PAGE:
At its most recent meeting last week, the Executive Council of the Episcopal Church adopted a resolution calling on government leaders at the national, state and local levels to “de-escalate military and police provocation” at the site of the protests, staged by groups naming themselves Water Protectors, against the Dakota Access Pipeline the territory of the Standing Rock Sioux nation.
From the ENS report:
“Council’s resolution on the Dakota pipeline protest follows support by Presiding Bishop Michael Curry both in words and his presence with the protestors.
The Rev. John Floberg, council member and supervising priest of the Episcopal churches on the North Dakota side of Standing Rock, told the council’s Joint Standing Committee on Advocacy and Networking for Mission Oct. 21 that the way the protest has been conducted has been “the most powerful experience I have had in my 25 years on Standing Rock.” And, yet, he said, he has been shaken by the racist responses that the protest has generated elsewhere in the state.
In addition, the resolution praised the efforts of native nations leaders of the Standing Rock and Cheyenne River Sioux Tribes to promote a “prayerful and nonviolent presence.””
To understand this situation better, we recommend checking out this issue of This Week From Indian Country (pdf download). It offers a timeline of the protests so far, first person accounts, as well as analysis and commentary.
From the Publisher’s letter that opens the magazine:
“What we know today can help us prepare for the future. The eventual outcomes of the monumental struggle over the construction of the pipeline cannot be predicted. Yet we know what issues are at stake; we can identify correlations between human rights and U.S. law, sovereignty and dispossession, politics and power, dehumanization and domination. Much hangs in the balance for the First Peoples of this continent. A strong case could be made that as we go, the world goes. Respect for our free and independent existence on so many fronts depends on the freedom and independence of our neighbors.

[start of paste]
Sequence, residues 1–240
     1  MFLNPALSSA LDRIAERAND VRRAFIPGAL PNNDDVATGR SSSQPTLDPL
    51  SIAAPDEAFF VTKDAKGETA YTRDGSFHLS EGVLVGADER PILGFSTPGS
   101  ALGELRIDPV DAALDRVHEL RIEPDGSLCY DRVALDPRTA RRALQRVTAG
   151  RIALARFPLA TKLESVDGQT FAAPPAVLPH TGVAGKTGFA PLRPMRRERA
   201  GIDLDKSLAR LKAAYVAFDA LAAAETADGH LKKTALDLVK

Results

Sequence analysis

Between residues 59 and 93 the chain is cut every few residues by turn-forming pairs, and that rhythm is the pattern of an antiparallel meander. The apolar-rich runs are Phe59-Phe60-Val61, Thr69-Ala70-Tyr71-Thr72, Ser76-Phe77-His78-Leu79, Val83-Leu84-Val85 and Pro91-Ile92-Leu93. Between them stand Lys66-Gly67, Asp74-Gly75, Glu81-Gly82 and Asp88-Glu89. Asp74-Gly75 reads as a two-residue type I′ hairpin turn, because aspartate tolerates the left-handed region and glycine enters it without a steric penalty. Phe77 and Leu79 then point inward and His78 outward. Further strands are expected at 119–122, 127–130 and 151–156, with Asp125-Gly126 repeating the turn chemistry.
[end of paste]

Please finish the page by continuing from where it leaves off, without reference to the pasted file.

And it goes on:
Indian Country Today Media Network has followed the story of Dakota Access closely ever since the Standing Rock Sioux raised objections to it. This magazine, a special issue devoted to the DAPL movement, is the first single-subject, event-driven edition in our history. It represents only a portion of the hundreds of hours of reporting, writing and editing that the editorial team has devoted to informing our audience of millions about actions on the scene, legal battles, and breaking decisions. Our goal with this publication was to capture the arc and breadth of a story that is still unfolding, and to memorialize the astonishing efforts of today’s Native warriors.”
image from “This Week from Indian Country”